Delays to inspection reports 'undermines' immigration watchdog's work, Home Office told

Outgoing chief inspector David Bolt says department's failure to publish transparency reports quickly undermine his credibility and influence
Photo: Kirsty O'Connor/PA Archive/PA Images

The immigration inspector has urged the Home Office to reverse a long-term trend of increasing delays to the publication of his office’s inspection reports, which he said “undermine the impact and value” of the watchdog’s work.

And the Home Office must do more to address the “systemic or cultural issues” that often underlie the problems identified in his reports, rather than narrowly accepting individual recommendations, he said.

In his final annual report before stepping down next month, independent chief inspector of borders and immigration David Bolt said the Home Office must start delivering on its commitment – affirmed most recently in January, to publish reports from ICIBI inspections and laying them before parliament eight weeks after they are submitted to the home secretary.

The vast majority of ICIBI reports – which cover areas such as the asylum system, the EU settlement scheme, the Right to Rent scheme and e-passports – are published much later than this. CSW reported earlier this year that the Home Office failed to publish a single one of the 14 reports he submitted to the department in 2019 within its target timeframe.

Bolt, whose role is to scrutinise the borders and immigration system and the work of the Home Office, has grown increasingly insistent in successive annual reports that the Home Office tackle the delays.

In his 2019-20 annual report, published yesterday, Bolt said delays undermine the value of the inspectorate’s work. “They affect its ability in near time to influence how the Home Office is operating, and also put at risk ICIBI’s credibility with external stakeholders, on whom the inspectorate relies for input into the inspection programme and individual inspections and in order to stay abreast of issues of concern to ‘customers’ of the Home Office’s Borders, Immigration and Citizenship System.”

He said it has often appeared that there has been “little, if any” work to implement his recommendations before the department’s formal response has been signed off by ministers, which is typically just before publication.

“I recognise that many areas are working at capacity, nonetheless I am frequently left feeling that the Home Office could go further and faster, and also that its acceptances of recommendations come with too many caveats and broad assurances rather than commitments to specific, time-bound actions,” Bolt added.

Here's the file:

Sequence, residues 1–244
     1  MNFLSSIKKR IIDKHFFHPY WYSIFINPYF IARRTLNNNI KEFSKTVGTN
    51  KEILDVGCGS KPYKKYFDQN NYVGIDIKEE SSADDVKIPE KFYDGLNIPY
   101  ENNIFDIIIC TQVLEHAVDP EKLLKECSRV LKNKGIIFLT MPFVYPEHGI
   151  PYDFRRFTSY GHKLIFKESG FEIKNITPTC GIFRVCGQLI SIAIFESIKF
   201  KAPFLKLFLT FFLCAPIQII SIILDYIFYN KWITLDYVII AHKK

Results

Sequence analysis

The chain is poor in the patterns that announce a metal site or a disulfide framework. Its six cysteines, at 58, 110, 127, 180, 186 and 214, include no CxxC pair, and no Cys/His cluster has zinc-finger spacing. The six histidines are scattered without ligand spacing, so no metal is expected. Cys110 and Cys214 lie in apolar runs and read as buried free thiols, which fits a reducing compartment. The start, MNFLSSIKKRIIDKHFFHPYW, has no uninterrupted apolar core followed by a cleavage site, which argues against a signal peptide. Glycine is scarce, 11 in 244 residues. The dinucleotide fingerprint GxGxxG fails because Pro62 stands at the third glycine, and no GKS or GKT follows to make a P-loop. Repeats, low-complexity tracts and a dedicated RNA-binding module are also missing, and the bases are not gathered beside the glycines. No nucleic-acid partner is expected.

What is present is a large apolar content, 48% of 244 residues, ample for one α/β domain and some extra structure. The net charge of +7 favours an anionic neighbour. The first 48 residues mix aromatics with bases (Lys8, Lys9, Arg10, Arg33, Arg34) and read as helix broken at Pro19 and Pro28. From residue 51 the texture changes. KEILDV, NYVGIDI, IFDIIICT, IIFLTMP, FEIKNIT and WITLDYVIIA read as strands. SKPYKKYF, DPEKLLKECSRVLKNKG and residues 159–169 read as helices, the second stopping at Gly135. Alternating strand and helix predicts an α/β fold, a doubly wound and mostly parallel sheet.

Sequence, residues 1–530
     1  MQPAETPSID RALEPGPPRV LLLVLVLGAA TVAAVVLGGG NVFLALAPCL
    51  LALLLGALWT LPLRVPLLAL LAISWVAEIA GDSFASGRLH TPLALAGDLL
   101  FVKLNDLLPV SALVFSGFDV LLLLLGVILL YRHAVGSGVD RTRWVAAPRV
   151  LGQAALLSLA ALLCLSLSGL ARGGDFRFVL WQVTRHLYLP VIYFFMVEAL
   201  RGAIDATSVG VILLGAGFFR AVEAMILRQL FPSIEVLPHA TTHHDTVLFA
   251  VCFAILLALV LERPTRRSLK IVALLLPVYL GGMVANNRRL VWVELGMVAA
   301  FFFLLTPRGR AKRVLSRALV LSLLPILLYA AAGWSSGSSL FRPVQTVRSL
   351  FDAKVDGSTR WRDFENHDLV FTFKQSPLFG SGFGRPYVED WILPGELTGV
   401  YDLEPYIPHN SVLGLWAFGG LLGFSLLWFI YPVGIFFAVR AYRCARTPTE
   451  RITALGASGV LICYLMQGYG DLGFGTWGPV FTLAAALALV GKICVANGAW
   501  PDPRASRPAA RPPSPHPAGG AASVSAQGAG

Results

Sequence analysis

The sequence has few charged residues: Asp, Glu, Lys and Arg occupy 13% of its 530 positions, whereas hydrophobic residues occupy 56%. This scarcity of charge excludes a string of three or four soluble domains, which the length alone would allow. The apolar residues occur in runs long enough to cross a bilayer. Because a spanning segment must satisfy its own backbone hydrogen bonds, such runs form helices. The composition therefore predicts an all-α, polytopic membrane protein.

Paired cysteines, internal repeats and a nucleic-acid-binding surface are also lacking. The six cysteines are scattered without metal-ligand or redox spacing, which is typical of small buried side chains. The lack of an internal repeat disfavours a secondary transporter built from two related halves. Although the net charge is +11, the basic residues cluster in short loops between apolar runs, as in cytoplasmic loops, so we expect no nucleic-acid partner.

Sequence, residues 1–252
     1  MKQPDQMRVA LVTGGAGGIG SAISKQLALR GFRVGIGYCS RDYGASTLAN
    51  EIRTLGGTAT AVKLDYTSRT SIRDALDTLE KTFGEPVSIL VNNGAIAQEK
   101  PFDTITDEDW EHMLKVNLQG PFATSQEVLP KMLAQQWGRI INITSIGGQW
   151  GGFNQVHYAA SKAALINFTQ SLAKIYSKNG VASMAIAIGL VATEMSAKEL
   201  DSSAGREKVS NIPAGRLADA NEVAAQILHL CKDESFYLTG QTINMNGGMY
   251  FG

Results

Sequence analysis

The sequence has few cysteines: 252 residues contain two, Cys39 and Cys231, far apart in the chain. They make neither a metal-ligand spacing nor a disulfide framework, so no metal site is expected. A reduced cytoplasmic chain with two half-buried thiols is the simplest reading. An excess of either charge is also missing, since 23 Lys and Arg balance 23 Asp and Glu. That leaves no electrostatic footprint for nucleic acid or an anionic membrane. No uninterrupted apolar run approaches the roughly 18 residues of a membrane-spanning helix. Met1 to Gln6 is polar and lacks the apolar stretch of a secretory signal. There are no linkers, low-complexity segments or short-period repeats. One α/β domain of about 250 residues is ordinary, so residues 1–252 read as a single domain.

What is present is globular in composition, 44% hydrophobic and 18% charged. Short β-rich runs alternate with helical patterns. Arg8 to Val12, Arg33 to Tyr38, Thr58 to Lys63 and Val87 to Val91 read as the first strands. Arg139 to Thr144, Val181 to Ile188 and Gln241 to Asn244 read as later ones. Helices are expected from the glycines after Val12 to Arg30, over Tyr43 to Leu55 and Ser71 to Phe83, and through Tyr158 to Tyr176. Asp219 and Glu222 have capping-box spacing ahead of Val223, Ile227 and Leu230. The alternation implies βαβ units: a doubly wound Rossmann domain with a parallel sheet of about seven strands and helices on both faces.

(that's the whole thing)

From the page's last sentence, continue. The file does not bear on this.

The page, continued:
He noted that in her Windrush lessons-learned review, Wendy Wiliams wrote that the Home Office should consider giving the chief inspector more powers to publish reports, as part of a wider review of ICIBI’s remit. Ministers should have a duty to publish clearly articulated and justified reasons when they do not agree to implement ICIBI recommendations, Williams said.

Bolt also said simply publishing and responding to inspection reports would not be enough to effect the changes needed at the Home Office.

“Accepting a recommendation is not the same as implementing it,” he said.

He said he agreed with Williams’s assessment that the “deeper-rooted recommendations [made by ICIBI] that refer to systemic or cultural issues, such as stakeholder engagement, or proper evaluation of the impact of policies on different groups of people, or staff training and development, as opposed to process-related recommendations, tend to be left unresolved”.

And he agreed with Williams that in responding to his recommendations, the department usually "looks to close the recommendation rather than learn".

And Bolt added that too often, his recommendations and communication had been filtered through civil servants rather than going straight to the home secretary. He said he had had just one meeting with current home secretary Priti Patel, in the wake of the Purfleet tragedy.

He said he had written to Patel after that meeting recommending that she meet with his successor more often so she could hear recommendations first hand and to “make the process more dynamic and capable of affecting change”.

“While it is important to maintain a good working relationship with officials, I argued that when the Inspectorate was created the intention was that the chief inspector would provide the home secretary with insights and advice independently of the department, whereas, in practice, my reports are filtered through officials."

CSW has approached the Home Office for a comment.

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